After five years ‘Guitar Hero’ is back with brand new features and awesome music. Guitar Hero Live allows players to rock on stage in front of thousands, as well as play online against players from all over the world, all rocking to the same tunes.
Activision is betting that consumers will once again want to strap on a plastic guitar and make like a guitar hero.
The first new entry in the popular music game franchise to arrive in five years, Guitar Hero Live ($99.99, ages 13-up), is out Tuesday for Sony PlayStation 4 and PS3, Microsoft Xbox One and Xbox 360, and Nintendo Wii U).
Guitar Hero helped stoke the music game category to its peak in 2008 when the games brought in nearly $2 billion annually. Activision says Guitar Hero was the first game to breach the $1 billion barrier. But “the category was run into the ground,” said Digital World Research analyst P.J. McNealy.
For this comeback tour, Guitar Hero Live has an entirely different look and new ways to play online. Gone are the cartoony characters in the game’s story mode. Game studio FreeStyleGames auditioned real musicians and filmed them as they played gigs for real crowds to create live-action footage for the game.
“We needed people who could really behave like a really tight band so when we put the player in the middle of that everyone else is a rock star and it’s up to the player to step up and fill that place as the lead guitarist,” said Nathan Coppard, senior designer from FreeStyleGames, which previously created the DJ Hero games.
And the crowd gets into the act, too. “Literally, if you are doing well the crowd loves you, but if you are doing poorly they start to throw beer cups at you,” said Activision Publishing CEO Eric Hirshberg. “That is a pretty cool way to escalate that rock star fantasy.”
The 100-plus song playlist runs from Rock & Roll Hall of Famers (Queen, the Rolling Stones, Bob Dylan, ZZ Top) and alternative (The Clash, Pearl Jam) to modern rock (The Black Keys, the War on Drugs) and poppier rock (Charli XCX, Ed Sheeran). Songs will constantly be added, too.
Other new twists include a GHTV online video network lets you play the game to music videos and compete online with others for top scores (you have to have your game system connected to the Net to play). Activision and FreeStyleGames hope to build this into a music discovery platform that benefits music labels as well as listeners. At launch, the game will have a playable three-song set filmed at an Avenged Sevenfold concert. You can expect more exclusive content such as this, as well as music video premieres, Hirshberg says.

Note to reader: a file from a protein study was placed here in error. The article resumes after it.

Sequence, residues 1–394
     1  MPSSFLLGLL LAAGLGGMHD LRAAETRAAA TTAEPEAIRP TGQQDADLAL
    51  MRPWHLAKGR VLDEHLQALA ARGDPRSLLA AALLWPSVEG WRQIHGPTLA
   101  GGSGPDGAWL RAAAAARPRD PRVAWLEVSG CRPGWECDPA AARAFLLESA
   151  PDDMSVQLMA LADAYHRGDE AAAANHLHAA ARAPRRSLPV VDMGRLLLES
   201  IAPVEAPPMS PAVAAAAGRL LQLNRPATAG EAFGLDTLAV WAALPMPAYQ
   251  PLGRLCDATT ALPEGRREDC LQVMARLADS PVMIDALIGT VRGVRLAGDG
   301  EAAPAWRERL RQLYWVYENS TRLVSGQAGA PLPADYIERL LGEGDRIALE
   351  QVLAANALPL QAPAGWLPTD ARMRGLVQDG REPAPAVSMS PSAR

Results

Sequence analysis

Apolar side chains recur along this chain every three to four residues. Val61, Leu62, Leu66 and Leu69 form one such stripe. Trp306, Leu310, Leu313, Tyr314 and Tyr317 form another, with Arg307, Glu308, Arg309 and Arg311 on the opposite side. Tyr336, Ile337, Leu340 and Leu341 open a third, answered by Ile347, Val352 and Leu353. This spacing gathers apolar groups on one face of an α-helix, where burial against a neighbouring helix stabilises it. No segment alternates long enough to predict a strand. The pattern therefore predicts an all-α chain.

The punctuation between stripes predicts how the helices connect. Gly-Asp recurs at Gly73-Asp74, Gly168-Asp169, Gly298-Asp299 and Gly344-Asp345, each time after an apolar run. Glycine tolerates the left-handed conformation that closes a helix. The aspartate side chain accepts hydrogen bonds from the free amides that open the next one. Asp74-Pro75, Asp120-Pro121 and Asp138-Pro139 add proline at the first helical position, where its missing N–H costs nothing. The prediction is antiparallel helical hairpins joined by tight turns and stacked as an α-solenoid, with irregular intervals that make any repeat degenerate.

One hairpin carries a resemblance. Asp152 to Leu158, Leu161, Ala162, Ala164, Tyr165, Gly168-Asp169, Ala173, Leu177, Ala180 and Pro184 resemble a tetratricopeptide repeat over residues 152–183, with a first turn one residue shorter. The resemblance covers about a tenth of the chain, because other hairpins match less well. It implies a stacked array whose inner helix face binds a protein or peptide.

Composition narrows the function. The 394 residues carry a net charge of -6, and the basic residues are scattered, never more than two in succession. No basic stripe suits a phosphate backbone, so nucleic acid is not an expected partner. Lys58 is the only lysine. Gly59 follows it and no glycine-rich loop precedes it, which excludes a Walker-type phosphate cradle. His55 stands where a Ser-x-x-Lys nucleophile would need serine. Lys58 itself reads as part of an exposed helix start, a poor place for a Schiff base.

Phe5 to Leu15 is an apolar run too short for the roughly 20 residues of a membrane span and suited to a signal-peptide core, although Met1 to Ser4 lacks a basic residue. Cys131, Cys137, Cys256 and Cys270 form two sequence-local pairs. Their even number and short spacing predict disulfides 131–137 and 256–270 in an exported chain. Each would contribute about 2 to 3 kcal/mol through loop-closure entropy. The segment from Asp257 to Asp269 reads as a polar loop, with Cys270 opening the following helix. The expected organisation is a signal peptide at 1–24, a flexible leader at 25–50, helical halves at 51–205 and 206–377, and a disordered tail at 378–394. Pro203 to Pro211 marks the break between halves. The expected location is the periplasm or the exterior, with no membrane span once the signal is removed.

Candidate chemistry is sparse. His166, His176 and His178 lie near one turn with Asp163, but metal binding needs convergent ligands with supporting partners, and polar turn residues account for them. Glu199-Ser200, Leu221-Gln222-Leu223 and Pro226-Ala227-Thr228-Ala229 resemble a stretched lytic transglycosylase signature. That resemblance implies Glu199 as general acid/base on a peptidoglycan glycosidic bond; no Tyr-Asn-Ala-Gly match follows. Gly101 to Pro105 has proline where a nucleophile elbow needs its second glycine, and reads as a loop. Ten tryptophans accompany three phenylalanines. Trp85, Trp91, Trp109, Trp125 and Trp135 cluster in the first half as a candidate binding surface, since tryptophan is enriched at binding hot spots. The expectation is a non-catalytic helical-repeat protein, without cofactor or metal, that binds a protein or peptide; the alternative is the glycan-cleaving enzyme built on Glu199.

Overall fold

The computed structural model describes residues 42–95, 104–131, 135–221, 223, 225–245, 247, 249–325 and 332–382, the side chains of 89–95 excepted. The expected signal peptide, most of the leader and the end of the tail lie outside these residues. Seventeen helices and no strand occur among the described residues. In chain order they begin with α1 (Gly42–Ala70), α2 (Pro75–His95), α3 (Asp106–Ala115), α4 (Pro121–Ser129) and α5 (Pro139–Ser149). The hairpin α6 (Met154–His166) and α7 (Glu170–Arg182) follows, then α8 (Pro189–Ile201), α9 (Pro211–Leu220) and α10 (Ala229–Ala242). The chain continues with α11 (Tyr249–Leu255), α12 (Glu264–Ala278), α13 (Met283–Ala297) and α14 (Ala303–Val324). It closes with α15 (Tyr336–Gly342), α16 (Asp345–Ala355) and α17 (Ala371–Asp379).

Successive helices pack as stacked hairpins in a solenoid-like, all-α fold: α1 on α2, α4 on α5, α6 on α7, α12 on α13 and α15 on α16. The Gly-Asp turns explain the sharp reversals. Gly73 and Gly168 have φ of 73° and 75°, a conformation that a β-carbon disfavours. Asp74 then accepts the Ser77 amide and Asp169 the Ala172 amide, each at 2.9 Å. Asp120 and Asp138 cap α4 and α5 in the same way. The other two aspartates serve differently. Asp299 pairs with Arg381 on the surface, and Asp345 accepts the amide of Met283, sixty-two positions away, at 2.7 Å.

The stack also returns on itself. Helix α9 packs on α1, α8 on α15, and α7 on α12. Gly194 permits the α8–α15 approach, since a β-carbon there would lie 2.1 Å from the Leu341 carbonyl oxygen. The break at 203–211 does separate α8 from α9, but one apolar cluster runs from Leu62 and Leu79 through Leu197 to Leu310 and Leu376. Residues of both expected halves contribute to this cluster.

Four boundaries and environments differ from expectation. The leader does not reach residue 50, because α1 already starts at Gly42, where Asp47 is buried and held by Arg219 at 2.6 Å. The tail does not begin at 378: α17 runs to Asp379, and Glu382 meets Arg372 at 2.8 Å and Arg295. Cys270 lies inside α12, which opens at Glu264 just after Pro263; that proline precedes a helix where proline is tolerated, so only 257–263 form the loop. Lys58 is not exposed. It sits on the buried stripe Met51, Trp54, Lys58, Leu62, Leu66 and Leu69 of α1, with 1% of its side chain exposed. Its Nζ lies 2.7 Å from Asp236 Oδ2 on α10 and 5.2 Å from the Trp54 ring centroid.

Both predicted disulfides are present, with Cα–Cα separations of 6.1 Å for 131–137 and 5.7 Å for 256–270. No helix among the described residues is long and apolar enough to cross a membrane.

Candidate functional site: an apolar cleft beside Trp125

And the guitar controller is different in that the five-button line on the guitar neck has been swapped for two rows of three buttons. On easier difficulty settings, players must only tap the bottom buttons in time with the music. Higher difficulty levels bring the top row of buttons into play.
Those who don’t a console video game system can get Guitar Hero Live at retail ($99.99) and in Apple’s app store ($49.99) and play on iPhones, iPads and the iPod Touch (a version is in the works for Apple TV, too). You can play directly on your device with or without a guitar controller, or you can connect your device to the TV.
A Guitar Hero Live companion app also turns your iPhone or other iOS device into a microphone so you can sing along to the console game. Guitar Hero Live can be played solo, but two players can jam together on guitars and a singer can join in, too.
Earlier this month, the arrival of Rock Band 4 kicked off the music game revival. Guitar Hero might have an advantage in this round of the competition, Digital World Research’s McNealy said. “Guitar Hero has much bigger brand value … I think inherently there would be a bigger audience for Guitar Hero given the legacy.
“Activision hasn’t had many big swings and misses in the last five years. They figured out how to build franchises. I would be surprised if they missed on this.”
At Wedbush Securities, equity research managing director Michael Pachter said he thinks “there is room for a (music game) revival, and I think the online strategy is a winner if the price is right.”
But the music game revival won’t likely match the category’s previous success, he said. “They’re never getting back to the prior levels, but sales should be two to three million units combined.”
Follow Mike Snider on Twitter: @MikeSnider
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